It is argued that a nadir (the lowest point) in the household economies of herders arises prior to the harvest. However, there are those who suggest that the delivery of relief commodities will have the same socio-economic benefit at what ever time they are received by beneficiaries. Moreover, it is likely that the delivery of wheat flour, warm clothes and top boots prior to winter should make a significant difference in allowing children to attend school, and herders to cope with snow and ice when tending their livestock. As long as weather conditions do not radically deteriorate, it is hoped that all distributions and a representative amount of monitoring can be concluded by the end of November.
The medium term weather synopsis does not suggest any unusual weather conditions for Mongolia, and it is speculated by some analysts that the country may be returning to seasonal norms. However, the winter can be expected to produce pockets of severe conditions for people out on the Steppe. A traditional phenomena that can not be changed but only prepared for as far as it is possible by the families who continue a herder existence.
As referred to earlier, delays in the crystallization of funding called for a review of the original operational plan. In agreement with the national society, this was divided into three phases based on geographical regions of Mongolia.. This arrangement is still in place, but the fact that procurement of the three commodities for distribution concluded at the same time, the second and third phases of the operation will be completed concurrently. This was considered the most sensible way to proceed and will favor aimags in the extreme west of the country and on the high ground. Given that ECHO has earmarked funding for clothes and wheat flour to be spent within their contract period, the first distributions will be of commodities dedicated to the ECHO program.
Phase 1 Completed in January, this phase involved the procurement and local level distribution of 1000 MT of wheat flour to soums within THREE aimags directly to the north of Ulaanbaatar, and two smaller urban communities within the same region. These included the nominated soums within the aimags of Bulgan., Selenge, and Khovsgul, and the urban aimags of Darkhan Uul and Orkhon.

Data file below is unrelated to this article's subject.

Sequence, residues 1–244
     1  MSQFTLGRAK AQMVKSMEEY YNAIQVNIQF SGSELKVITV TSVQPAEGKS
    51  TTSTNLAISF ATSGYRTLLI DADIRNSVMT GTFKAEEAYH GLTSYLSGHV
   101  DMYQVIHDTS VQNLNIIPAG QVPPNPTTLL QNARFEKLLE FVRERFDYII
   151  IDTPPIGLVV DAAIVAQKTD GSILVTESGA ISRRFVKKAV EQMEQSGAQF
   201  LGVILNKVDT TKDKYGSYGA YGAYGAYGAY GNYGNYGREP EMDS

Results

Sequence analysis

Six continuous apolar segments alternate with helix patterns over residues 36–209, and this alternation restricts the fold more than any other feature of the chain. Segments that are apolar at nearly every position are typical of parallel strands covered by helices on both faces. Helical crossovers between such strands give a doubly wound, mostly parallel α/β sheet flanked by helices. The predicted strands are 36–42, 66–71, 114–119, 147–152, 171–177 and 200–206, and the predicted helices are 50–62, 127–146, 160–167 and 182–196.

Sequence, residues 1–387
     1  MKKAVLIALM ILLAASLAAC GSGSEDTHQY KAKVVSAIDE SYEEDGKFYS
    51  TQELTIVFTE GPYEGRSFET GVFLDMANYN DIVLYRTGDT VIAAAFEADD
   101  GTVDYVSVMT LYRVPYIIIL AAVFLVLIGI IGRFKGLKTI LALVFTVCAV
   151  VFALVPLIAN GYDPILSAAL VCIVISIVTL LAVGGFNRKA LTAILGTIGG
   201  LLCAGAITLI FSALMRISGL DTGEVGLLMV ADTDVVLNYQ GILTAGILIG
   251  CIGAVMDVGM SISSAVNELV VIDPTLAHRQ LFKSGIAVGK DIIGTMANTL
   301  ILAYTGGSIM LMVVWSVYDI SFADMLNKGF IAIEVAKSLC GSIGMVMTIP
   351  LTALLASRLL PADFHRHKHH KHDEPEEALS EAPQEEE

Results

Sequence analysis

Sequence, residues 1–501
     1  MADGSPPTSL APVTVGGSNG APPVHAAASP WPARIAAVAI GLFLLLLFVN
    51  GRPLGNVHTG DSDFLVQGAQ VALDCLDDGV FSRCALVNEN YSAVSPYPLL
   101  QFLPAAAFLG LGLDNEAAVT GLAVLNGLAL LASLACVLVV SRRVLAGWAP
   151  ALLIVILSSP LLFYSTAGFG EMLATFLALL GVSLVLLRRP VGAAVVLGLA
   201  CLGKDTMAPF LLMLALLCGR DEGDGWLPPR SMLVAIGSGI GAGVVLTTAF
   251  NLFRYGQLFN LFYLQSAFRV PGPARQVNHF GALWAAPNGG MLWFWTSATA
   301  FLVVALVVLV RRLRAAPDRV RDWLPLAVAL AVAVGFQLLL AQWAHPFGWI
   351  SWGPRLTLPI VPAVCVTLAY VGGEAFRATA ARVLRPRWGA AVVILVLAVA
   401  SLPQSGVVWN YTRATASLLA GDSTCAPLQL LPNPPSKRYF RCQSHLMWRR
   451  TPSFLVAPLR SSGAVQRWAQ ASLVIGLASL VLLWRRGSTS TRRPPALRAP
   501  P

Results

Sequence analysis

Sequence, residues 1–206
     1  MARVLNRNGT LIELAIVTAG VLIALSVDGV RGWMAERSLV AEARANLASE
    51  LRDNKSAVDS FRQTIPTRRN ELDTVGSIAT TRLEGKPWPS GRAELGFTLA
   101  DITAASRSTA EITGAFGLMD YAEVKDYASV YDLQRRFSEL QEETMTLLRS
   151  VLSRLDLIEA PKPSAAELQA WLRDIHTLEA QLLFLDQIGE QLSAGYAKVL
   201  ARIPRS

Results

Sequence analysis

Phase 2 Funding for this phase covers the procurement and distribution of 620 MT of wheat flour to soums within TWO aimags of Arkhangai and Ovorhangay to the south of Ulaanbaatar giving 2,065 beneficiaries 300kg of wheat flour Followed by a further procurement and distribution of 360 MT to nine Ger districts of Ulaanbaatar giving 2,400 beneficiaries 150kg of wheat flour.
Furthermore, Phase 2 will cover the procurement and micro-distribution of 5,015 sets and pairs of warm clothes and top boots to active herder families in rural locations within the five aimags referred to above namely; Bulgan, Selenge, Khovsgul, Arkhangai and Ovorhangay. This was successfully completed in September of this year.
Finally, the costs of distribution of in-kind donations of 'new' and 'good-as-new' clothes to 2,400 urban poor families in Ulaanbaatar, and 383 urban poor families in urban soums in the Aimags of Bulgan, Selenge, Khovsgul, Arkhangai and Ovorhangay, and the Urban aimags of Darkhan Uul will be covered by this phase.
Phase 3 Funding for this phase will be divided between Red Cross traditional donors and ECHO. The former will cover the procurement and micro-distribution of 6,150 sets of warm clothes and 10,150 pairs of top boots, while ECHO will cover the procurement and micro-distribution of 4,000 sets of warm clothes and 3,454 MT of wheat flour. (The precise quantities of wheat flour and clothes that will have been procured under the ECHO grant will be determined by currency exchange rates ruling on the day of settlement) These commodities will service 11,515 beneficiary families in the TWELVE remaining aimags of the seventeen aimags originally targeted. Third phase funding will also cover the costs of distribution of new and good-as-new clothes received as in kind donations to 1,365 Urban Poor families in urban soums in the TWELVE remaining aimags of the seventeen aimags originally targeted.
The ECHO grant allows for significant visability and publicity of the program. This has been arranged with the Gobi Initiative managed by Mercy Corp of America which have advised and implemented a number of initiatives that gives extensive exposure to not only ECHO, but also Federation and the MRCS. These have included:
- The printing of three thousand A2 size posters of three designs dedicated to preparedness for severe winter conditions including dzud. These include rural scenes of the preparation of hay, the preparaton of winter shelters for livestock ,and the cleaning of water wells.
- The printing of a centre spread within a rural newspaper, using the three same pictures of rural scenes used for the posters. These have, and will be distributed over October, November and December to upwards of 60,000 families. Using the poster picture as a backdrop, a concise exposé of each organisation is written adjacent to the logos of the MRCS, the Federation and ECHO.
- Together MRCS and the Gobi Initiative have and continue to develop a series of one minute messages to be broadcast nine times a week to the rural communities over a twelve week period commencing1 October. These refer to the need for communities on the steppe to prepare themselves for severe winter conditions including dzud.